The diagnosis of cancer profoundly affects the involved person physically and emotionally. In addition, family and friends feel the emotional impact of a diagnosis of cancer. For those of us who have been through this experience, any discussion of it is particularly poignant, difficult and emotional.
Unfortunately, emotion has also impacted the debate to add women with breast and cervical cancer to a list of people whose treatment is covered by Medicaid. I would like to present some of the facts as discussed during the hearings on this legislation.
Since 1990 there has been a program through the National Centers for Disease Control and Prevention to provide free screening exams for breast and cervical cancer to women who meet eligibility guidelines. Last year Congress gave states the option to add Medicaid coverage for treatment of cancers diagnosed through this program. House Bill 65 was one of the bills introduced to add the coverage to Alaska's Medicaid program.
As the chair of the Senate Health, Education, and Social Services Committee, I was interested in gathering as much information as possible as we worked on the legislation.
During public hearings our committee was told that Alaska has the second highest rate of breast and cervical cancer in the United States. Lt. Gov. Ulmer referred to it as an epidemic. In response, our committee expressed concern about why the rate is so high in Alaska. Sen. Loren Leman, vice chairman of our committee, asked the Department of Health and Social Services if it had identified risk factors for these cancers that were especially prevalent among Alaskan women. The department identified several risk factors and acknowledged that it had other information that could be available.
When we reported a new version of HB 65 from our committee, it required the department provide annually to the Legislature a summary of risk factors associated with these diseases. We were all particularly interested in environmental links, as well as hereditary and behavioral factors, that might explain the elevated cancer rate among Alaskan women. This additional language said: "The Department of Health and Social Services shall report to the Legislature ... (1) the environmental, behavioral, or genetic factors that have been associated with the onset of the types of breast or cervical cancer diagnosed in the persons eligible for services under sec. 1 of this Act in peer-reviewed clinical studies published in periodical medical literature that have postulated an association between one or more of these factors and an increase in the incidence of breast or cervical cancer."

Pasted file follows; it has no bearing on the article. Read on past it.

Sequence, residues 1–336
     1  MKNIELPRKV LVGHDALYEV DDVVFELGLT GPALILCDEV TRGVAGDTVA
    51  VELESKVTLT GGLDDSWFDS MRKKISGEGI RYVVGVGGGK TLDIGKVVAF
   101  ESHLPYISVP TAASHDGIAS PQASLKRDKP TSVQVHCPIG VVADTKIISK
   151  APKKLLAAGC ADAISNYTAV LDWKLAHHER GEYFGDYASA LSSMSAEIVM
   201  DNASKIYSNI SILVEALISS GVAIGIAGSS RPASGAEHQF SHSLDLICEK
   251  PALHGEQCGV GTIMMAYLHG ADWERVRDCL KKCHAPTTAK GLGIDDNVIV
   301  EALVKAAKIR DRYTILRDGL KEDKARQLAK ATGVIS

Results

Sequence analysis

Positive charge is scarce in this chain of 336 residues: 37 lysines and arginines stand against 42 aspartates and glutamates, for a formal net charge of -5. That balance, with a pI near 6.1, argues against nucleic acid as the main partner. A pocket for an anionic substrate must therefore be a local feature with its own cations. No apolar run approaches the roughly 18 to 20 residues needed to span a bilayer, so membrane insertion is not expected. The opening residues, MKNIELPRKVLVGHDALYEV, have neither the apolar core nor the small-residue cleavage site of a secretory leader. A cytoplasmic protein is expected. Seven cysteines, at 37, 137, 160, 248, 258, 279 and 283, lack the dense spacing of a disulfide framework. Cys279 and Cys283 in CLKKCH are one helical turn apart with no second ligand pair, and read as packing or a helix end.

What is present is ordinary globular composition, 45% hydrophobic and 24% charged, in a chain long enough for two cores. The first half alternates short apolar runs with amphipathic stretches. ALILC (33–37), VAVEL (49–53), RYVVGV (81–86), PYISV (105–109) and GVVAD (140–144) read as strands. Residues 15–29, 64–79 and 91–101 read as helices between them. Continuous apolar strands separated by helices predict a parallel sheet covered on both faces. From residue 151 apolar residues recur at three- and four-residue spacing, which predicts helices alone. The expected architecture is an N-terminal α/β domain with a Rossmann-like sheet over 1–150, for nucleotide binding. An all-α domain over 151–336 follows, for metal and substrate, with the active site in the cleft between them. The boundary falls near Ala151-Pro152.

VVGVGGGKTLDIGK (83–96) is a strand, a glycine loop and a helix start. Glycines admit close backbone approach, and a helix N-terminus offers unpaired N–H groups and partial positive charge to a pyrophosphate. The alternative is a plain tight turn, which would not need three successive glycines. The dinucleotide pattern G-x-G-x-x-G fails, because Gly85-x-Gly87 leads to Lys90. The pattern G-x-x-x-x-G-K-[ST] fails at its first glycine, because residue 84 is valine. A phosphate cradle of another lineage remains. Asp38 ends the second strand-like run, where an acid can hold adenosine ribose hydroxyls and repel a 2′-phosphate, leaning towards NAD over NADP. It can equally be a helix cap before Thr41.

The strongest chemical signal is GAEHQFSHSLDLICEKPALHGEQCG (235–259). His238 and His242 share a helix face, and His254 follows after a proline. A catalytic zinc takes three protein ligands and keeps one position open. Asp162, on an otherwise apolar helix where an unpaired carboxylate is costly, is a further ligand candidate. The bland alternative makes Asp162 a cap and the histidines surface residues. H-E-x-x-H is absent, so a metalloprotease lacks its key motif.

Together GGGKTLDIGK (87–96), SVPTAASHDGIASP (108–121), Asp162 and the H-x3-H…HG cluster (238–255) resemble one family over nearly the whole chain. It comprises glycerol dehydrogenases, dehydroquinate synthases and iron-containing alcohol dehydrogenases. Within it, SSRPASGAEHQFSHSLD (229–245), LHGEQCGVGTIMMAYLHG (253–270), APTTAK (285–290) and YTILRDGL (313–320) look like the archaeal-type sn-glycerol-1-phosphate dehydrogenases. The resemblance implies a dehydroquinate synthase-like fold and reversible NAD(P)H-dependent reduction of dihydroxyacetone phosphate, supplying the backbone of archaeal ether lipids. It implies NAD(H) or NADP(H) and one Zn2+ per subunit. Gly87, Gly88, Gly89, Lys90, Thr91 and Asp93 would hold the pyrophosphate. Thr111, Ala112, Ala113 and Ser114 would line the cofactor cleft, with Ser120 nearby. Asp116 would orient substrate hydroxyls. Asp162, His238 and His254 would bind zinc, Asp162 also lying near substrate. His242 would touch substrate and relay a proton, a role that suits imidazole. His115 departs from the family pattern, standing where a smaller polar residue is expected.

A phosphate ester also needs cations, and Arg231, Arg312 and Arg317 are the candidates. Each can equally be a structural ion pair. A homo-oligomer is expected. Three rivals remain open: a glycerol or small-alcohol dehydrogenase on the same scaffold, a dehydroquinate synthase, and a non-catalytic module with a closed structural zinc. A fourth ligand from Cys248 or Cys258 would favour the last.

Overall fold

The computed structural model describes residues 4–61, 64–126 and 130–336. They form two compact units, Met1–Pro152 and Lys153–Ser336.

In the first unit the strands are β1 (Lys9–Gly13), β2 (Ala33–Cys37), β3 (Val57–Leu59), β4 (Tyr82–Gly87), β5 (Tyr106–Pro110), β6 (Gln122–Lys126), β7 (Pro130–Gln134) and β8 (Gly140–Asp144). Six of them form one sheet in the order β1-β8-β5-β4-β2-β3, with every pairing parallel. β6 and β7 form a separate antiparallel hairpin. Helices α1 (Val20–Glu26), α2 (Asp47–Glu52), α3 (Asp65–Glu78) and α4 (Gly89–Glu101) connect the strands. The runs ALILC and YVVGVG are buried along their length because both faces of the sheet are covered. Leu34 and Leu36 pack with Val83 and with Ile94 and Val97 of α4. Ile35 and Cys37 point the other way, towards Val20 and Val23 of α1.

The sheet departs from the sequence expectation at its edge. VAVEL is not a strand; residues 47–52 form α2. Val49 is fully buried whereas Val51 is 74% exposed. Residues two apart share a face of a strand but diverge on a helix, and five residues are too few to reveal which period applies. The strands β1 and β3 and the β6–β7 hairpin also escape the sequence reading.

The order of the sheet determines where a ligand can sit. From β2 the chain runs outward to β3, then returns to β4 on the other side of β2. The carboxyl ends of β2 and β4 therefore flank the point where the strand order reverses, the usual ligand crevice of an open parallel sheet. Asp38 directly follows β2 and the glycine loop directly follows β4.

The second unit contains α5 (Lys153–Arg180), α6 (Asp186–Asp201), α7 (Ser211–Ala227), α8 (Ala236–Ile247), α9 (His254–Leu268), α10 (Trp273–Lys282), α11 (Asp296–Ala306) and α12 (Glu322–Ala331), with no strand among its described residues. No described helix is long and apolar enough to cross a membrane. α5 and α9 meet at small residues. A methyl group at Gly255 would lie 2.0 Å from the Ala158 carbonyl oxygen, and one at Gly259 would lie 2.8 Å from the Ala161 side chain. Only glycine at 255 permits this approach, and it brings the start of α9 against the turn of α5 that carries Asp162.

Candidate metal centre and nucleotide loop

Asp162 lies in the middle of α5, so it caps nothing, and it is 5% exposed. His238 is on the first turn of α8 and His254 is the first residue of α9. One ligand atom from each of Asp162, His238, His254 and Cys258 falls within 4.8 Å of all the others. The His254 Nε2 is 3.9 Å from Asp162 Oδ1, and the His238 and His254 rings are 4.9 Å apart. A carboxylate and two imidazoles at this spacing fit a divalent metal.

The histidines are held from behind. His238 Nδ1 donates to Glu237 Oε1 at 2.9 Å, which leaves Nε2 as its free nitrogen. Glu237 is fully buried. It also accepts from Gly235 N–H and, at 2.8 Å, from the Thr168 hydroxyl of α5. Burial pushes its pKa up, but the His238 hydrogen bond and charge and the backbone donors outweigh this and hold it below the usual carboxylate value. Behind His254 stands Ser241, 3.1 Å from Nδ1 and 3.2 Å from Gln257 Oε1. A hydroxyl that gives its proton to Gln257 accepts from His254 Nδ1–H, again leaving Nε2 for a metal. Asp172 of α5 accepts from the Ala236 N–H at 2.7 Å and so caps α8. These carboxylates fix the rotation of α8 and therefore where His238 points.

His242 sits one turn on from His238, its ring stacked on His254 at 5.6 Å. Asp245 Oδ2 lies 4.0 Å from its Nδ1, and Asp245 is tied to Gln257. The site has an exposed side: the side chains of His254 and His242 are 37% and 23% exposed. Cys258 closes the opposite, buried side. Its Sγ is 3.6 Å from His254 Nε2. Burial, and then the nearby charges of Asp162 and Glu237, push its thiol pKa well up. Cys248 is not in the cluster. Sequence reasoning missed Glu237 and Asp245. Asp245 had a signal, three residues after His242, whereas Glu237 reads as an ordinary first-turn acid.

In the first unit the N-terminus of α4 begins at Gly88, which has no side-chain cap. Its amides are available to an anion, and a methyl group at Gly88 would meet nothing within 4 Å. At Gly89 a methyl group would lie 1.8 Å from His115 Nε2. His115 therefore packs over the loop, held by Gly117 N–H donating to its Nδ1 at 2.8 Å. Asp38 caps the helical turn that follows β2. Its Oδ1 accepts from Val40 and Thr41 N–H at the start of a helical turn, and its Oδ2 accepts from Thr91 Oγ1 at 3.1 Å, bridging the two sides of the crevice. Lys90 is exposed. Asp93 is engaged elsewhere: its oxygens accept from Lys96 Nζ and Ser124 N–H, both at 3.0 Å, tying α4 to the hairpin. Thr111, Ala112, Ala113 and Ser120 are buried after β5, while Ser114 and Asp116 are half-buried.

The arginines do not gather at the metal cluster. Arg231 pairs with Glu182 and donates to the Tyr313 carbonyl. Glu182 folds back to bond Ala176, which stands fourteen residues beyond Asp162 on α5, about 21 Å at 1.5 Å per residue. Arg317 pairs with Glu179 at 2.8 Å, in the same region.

Clearly what was actually in the bill, as opposed to what was reported, did not make Alaskan women the subjects of a legislative study under HB 65.
The final version of HB 65 that passed the Senate on a 20-0 vote on May 5 contains a provision for annual reporting to the Legislature of data from the Alaska Cancer Registry and other sources available to the department. The department worked with us to clarify the data collection and reporting - and is encouraged by the increased interest in its cancer registry. This provision does not intrude upon the doctor-patient relationship and in fact does not create any additional information gathering beyond what the department already does under its agreement with the Centers for Disease Control & Prevention. As required by language in the Federal CDC/Medicaid guidelines, all information is confidential and cannot be identified with any single individual. This standard was further made clear in our committee discussions and on the Senate floor.
We worked on this legislation and voted to pass it from the Senate because we care about Alaska women. Not only do we want prompt treatment available for those of us who are diagnosed with breast and cervical cancer, but we also want to publicize those risk factors to help minimize the chances that our neighbors, our daughters, sisters, mothers, aunts, cousins or any other woman will ever get one of these diseases.
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